Bubblicious is a brand of bubble gum, but I have long since given up my appetite for gum.
But Bubblicious is a word that really describes the single most impressive sight that we saw on our recent trip to Alaska. I’ll get to that in a moment.
There were many reasons my wife and I had for taking a cruise to Alaska and then getting a car to drive to Denali National Park. We had always wanted to go to Alaska. We wanted to see the glaciers calving in Glacier Bay. We wanted to see the largest of this country’s national parks. We wanted to see what it was like being in the northernmost state.
And we wanted to see whales.
Twice before we had been on whale-watching expeditions. In Maine we departed for a half-day adventure on a whale-watching cruise only to be greeted by dense fog when our boat had barely left Bar Harbor. Tally for the day – one puffin, two seals, zero whales.
In Washington state we tried again. That time the weather was cooperative, but the whales were still nowhere to be seen. We did see a minke whale from a great distance, and the only part we saw for a mere few seconds was its back. That hardly counts as whale watching.
When we booked the cruise to Alaska, one of the side trips offered in Juneau was whale watching where the company guaranteed we would see whales. The firm offered to give clients $100 if whales were not spotted. The literature said they had been doing this for 14 years and had never had to give up the cash.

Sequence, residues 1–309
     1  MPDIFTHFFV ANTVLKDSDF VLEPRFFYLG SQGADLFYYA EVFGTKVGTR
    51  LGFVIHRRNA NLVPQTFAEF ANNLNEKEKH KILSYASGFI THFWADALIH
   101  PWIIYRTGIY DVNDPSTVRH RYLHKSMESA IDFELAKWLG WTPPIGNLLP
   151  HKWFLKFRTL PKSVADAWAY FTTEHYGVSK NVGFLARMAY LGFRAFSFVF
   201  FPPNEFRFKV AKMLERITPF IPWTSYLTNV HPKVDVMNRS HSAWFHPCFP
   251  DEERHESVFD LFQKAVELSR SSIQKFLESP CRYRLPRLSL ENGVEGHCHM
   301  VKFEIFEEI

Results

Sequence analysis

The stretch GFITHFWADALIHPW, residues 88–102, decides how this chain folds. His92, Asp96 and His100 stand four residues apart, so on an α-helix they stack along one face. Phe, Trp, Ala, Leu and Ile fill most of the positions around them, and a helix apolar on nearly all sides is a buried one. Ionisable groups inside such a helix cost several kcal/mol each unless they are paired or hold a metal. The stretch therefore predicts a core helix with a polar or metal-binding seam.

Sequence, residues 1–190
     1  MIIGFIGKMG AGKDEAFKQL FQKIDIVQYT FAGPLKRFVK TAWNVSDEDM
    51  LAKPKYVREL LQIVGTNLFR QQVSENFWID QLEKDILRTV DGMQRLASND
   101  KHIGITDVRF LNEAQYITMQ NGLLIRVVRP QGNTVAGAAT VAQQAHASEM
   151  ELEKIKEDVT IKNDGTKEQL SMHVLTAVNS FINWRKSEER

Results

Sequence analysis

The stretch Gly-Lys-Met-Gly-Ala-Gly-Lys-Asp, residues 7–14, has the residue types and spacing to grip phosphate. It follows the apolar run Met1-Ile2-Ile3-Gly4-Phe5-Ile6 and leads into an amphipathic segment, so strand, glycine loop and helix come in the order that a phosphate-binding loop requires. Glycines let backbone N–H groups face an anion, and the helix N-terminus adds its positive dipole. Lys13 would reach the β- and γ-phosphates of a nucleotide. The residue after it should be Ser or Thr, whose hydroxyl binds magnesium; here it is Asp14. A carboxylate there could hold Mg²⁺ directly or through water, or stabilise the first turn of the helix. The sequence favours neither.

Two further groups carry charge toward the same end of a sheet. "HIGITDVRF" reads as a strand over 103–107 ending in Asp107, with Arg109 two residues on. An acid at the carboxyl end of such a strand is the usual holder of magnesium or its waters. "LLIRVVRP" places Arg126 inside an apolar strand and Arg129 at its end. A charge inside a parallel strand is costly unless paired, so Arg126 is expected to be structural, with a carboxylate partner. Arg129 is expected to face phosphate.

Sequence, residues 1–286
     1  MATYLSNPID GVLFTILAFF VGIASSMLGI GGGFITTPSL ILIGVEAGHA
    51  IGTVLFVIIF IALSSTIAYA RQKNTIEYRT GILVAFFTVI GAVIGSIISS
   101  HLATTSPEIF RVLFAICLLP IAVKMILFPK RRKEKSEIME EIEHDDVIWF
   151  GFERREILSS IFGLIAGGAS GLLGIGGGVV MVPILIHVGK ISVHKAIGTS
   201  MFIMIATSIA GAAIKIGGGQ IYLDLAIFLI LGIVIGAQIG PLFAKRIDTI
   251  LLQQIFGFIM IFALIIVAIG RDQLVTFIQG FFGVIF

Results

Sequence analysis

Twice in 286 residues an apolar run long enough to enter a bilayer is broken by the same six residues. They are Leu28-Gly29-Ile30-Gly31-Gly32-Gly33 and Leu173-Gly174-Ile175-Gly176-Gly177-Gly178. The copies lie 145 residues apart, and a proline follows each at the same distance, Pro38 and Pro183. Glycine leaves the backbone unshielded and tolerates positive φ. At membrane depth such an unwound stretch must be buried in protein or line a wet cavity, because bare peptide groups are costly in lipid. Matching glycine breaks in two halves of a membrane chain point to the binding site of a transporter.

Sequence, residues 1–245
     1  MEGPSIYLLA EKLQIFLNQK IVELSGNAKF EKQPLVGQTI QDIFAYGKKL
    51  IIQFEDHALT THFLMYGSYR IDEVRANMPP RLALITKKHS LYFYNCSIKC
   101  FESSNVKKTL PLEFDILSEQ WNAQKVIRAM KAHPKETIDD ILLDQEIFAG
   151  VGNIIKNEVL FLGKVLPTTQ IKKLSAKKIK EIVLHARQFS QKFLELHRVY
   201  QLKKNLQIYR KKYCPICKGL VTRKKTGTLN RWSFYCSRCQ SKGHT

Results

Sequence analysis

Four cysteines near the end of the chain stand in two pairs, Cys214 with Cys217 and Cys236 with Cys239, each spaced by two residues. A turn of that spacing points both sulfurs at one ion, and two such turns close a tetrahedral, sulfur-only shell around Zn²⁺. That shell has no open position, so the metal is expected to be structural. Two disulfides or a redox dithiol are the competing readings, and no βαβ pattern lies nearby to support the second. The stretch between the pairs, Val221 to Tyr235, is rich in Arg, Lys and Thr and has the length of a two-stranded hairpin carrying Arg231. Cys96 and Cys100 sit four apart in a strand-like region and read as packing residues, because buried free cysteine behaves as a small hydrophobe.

“They will probably have to change their promotional wording after our visit,” my pessimistic side said. “After we are there it will read, ‘Only once in our 14-year existence have we had to pay the money.’”
So sure was I that we would not see whales, I was already making plans on how to spend the money.
On a sparking afternoon on the waters near Juneau, Alaska’s capital, we set out with a couple of dozen others in pursuit of whales. It was likely that we would see either humpback whales or orcas, the killer whale, if we saw whales at all. I was still plotting ways to use the cash.
The first hour passed with us spotting a few seals on an island beach. Nice, but not whales. Then our view was directed to the mountains in the distance on the starboard side where we saw some of the glaciers in the area. Huge, old and icy cold, but not whales. My spending plans were beginning to solidify.
Then we were told that there was a whale in the distance. Promises, promises. We approached, and sure enough there was a humpback whale that our lady skipper approached cautiously. We were told that we could not get too close to the huge mammal, so the engine was cut when we were a hundred yards away. There was nothing we could do if this great creature chose to approach us, which she did. Then someone saw this mother’s calf on the opposite side of the boat in a bed of kelp. Hello whales, goodbye C note.